Clearing the Cannabis Smoke After Midterm Elections

Colorado voters approved recreational marijuana ten years ago, and the plant still finds a way into elections.
Colorado voters approved recreational marijuana ten years ago, and the plant still finds a way into elections. Thomas Mitchell
The ten-year anniversary of Colorado's vote to legalize recreational cannabis was followed by another election two days later — and this one wasn't short on pot, either.

On November 8, five more states had ballot measures regarding the legalization of recreational marijuana. Maryland and Missouri both approved theirs, but pro-pot proposals failed in Arkansas, North Dakota and South Dakota.

Sal Pace — a longtime Pueblo resident, former state lawmaker and current board chair of the Marijuana Policy Project — was refreshing a lot of screens on Election Day. While he was keeping tabs on a proposal to allow the sale of recreational pot in Colorado Springs, his neighbor to the north (it went down), he was also keeping tabs on votes across the United States that could affect the larger mission of national legalization. We checked in with Pace for his take on the midterm election results, as well as what's next for marijuana in Colorado and around the country.

Westword: Did the election results for the Colorado Springs recreational sales measure surprise you?

Sal Pace: I saw poll numbers showing that it was tightening. The opponents put up almost $800,000 in advertising over the last three weeks, and they were able to really move the needle.

It's interesting, because 310, the tax measure, did pass. Obviously, 300 didn't, and some of the key issues were about where the tax revenue was going. Those arguments were in 301, though. If the city clerk in Colorado Springs hadn't been putting their hand on it to weigh the balance toward one side, some of those revenue issues could have been addressed. If 300 said all the marijuana tax revenue would go toward veterans, public safety and mental health on the question, I'm of the opinion it would've made a difference.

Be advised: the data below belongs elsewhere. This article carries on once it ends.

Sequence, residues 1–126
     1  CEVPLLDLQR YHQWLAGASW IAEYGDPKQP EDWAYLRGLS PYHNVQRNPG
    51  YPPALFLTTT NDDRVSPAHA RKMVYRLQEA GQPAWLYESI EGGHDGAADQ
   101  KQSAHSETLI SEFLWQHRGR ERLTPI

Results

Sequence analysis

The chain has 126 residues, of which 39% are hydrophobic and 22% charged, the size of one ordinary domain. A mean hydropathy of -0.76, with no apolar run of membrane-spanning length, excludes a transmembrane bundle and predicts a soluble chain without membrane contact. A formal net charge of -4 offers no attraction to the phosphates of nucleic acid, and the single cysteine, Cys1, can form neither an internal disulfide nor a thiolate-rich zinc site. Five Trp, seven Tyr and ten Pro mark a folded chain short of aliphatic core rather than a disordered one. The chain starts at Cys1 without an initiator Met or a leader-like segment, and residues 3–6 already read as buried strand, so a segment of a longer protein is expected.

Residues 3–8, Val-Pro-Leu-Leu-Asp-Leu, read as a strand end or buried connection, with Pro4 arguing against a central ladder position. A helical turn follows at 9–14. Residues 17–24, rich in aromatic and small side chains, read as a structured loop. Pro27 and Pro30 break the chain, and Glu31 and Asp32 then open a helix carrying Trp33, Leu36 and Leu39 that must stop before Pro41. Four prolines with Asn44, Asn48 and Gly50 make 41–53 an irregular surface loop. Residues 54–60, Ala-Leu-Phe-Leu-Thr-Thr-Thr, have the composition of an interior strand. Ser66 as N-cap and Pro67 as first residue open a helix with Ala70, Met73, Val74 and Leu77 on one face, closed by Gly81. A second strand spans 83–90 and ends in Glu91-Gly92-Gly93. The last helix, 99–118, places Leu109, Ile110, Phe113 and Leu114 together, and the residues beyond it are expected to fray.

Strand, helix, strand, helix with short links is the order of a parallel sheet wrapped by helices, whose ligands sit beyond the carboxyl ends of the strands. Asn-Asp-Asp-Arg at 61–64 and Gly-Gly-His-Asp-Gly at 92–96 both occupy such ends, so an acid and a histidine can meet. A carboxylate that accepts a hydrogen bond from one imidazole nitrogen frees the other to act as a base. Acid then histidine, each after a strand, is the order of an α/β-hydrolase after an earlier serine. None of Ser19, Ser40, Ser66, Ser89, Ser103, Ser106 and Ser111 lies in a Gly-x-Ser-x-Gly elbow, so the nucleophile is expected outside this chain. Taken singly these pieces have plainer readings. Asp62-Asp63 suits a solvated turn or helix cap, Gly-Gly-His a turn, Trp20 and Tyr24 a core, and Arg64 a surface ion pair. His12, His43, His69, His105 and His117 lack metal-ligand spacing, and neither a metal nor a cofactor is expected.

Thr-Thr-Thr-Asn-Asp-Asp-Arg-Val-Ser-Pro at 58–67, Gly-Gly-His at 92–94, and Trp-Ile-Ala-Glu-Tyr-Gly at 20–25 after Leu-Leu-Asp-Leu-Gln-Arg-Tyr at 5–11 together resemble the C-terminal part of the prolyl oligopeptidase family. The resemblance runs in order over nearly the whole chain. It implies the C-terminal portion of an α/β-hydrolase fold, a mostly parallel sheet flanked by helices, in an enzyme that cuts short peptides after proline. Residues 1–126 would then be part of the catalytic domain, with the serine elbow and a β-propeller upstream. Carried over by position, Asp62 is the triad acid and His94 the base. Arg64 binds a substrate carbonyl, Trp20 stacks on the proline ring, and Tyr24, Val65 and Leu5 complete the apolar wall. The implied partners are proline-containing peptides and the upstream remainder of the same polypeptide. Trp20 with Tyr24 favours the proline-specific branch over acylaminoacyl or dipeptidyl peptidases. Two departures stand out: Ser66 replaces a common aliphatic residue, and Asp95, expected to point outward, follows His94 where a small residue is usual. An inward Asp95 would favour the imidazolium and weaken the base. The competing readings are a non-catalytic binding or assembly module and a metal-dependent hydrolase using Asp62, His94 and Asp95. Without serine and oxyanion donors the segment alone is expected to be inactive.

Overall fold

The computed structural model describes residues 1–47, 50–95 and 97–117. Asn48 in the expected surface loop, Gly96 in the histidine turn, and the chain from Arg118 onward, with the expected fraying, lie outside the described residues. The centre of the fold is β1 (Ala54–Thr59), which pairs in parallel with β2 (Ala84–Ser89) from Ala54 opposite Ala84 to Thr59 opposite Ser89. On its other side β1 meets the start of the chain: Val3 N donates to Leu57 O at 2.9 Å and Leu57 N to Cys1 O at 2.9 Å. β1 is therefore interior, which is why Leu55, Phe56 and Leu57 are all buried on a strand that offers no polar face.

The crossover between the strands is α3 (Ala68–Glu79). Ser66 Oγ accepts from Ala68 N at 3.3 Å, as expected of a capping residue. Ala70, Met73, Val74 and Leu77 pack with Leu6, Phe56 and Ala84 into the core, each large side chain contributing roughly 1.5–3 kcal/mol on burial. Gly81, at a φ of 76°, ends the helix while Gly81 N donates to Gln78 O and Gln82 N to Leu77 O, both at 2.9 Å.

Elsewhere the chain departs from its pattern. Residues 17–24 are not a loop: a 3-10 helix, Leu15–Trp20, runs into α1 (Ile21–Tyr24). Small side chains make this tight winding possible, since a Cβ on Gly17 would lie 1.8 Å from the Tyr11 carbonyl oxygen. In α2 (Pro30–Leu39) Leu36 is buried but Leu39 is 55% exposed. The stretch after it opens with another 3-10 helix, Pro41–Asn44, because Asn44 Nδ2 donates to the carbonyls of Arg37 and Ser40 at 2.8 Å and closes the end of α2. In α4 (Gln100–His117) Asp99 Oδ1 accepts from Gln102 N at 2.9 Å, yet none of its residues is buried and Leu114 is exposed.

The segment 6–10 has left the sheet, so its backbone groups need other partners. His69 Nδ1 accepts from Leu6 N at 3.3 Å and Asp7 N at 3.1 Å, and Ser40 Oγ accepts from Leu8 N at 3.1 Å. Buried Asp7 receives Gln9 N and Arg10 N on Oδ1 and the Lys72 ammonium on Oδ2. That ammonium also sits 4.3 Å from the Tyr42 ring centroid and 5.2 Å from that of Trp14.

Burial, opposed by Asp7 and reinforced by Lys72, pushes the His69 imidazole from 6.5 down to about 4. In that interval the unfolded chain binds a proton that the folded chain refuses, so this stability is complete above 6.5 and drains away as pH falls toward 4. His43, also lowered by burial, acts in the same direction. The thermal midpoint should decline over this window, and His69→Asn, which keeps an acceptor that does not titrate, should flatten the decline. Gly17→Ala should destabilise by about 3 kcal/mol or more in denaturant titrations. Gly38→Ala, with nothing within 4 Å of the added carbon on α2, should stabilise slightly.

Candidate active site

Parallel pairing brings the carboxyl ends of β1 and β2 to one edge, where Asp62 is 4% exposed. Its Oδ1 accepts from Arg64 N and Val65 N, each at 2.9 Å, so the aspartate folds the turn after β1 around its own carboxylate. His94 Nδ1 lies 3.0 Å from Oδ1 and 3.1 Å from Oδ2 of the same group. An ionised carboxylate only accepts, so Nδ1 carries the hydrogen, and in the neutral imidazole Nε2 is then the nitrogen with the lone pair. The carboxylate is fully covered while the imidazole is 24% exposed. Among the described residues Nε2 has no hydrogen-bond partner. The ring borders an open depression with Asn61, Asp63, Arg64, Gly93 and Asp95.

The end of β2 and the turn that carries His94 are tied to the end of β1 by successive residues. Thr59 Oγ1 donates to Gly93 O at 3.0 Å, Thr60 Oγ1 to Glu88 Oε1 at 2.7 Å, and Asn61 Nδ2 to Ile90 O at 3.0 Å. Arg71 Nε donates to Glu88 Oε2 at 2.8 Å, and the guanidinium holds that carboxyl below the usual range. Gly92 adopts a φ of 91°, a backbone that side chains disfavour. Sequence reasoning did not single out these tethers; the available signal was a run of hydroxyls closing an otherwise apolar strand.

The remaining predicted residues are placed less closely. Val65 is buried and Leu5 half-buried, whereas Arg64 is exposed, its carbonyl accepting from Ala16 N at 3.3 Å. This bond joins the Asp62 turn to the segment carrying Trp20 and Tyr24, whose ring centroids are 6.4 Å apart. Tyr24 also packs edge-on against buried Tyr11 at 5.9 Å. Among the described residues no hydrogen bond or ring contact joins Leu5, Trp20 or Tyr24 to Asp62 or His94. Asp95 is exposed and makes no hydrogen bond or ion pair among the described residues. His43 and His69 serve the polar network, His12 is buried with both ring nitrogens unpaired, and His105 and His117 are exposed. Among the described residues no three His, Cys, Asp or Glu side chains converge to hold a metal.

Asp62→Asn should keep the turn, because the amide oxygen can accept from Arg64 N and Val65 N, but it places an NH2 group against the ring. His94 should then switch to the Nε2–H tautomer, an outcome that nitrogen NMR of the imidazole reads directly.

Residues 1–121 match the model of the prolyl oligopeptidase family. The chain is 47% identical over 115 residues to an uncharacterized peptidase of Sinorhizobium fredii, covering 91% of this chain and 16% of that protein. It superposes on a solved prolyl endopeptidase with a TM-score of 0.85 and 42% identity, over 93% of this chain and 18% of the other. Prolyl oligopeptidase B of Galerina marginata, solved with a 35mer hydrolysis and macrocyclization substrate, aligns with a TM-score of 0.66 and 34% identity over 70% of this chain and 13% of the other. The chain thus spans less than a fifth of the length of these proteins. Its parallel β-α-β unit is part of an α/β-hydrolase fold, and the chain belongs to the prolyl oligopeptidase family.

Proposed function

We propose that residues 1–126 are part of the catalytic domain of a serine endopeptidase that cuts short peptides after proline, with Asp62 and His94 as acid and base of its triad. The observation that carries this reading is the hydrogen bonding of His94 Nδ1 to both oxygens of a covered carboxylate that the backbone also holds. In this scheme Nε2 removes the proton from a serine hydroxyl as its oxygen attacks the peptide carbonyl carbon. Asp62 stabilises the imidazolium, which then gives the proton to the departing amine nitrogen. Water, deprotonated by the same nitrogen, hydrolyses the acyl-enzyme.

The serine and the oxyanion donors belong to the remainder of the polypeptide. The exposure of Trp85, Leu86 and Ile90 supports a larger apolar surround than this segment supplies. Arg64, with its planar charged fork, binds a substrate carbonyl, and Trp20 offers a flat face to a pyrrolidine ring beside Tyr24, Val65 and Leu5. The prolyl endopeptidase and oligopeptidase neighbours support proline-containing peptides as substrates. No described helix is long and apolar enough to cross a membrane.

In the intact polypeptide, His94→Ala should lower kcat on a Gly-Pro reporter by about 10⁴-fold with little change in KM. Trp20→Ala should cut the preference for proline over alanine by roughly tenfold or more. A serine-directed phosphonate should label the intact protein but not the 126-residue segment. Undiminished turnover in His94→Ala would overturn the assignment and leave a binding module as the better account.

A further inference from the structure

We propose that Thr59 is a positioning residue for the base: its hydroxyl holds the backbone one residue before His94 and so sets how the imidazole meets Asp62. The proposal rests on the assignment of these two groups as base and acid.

On the other hand, the proponent side had a ton of money, too, and invested a ton. One thing to realize is that it's not a presidential election year, and you're going to have lower turnout everywhere. Ten and fifteen years ago, the cannabis reform movement was so cognizant of the larger electorate in presidential years, and the demographic is much older and whiter in these off-year elections. They're generally less reflective of the population.

Without Colorado Springs opening up, has Colorado reached max capacity on recreational cannabis?

Colorado Springs was the last major frontier in Colorado, with all of the other major metropolitan areas at least having something nearby. Yes, it's a loss for growth in the cannabis industry, and it's really a loss for consumers in Colorado Springs — but what's really tragic is the 100-plus medical dispensaries in Colorado Springs that have been scraping by. These business owners have put their life savings in these businesses, and with the passage of House Bill 1317 [a law that limits medical marijuana concentrate sales] last year, I don't know how these businesses will stay afloat. I expect a lot of people to lose their life savings in Colorado Springs, and that shops will close. They can't make money anymore. It's sad, and it's tragic.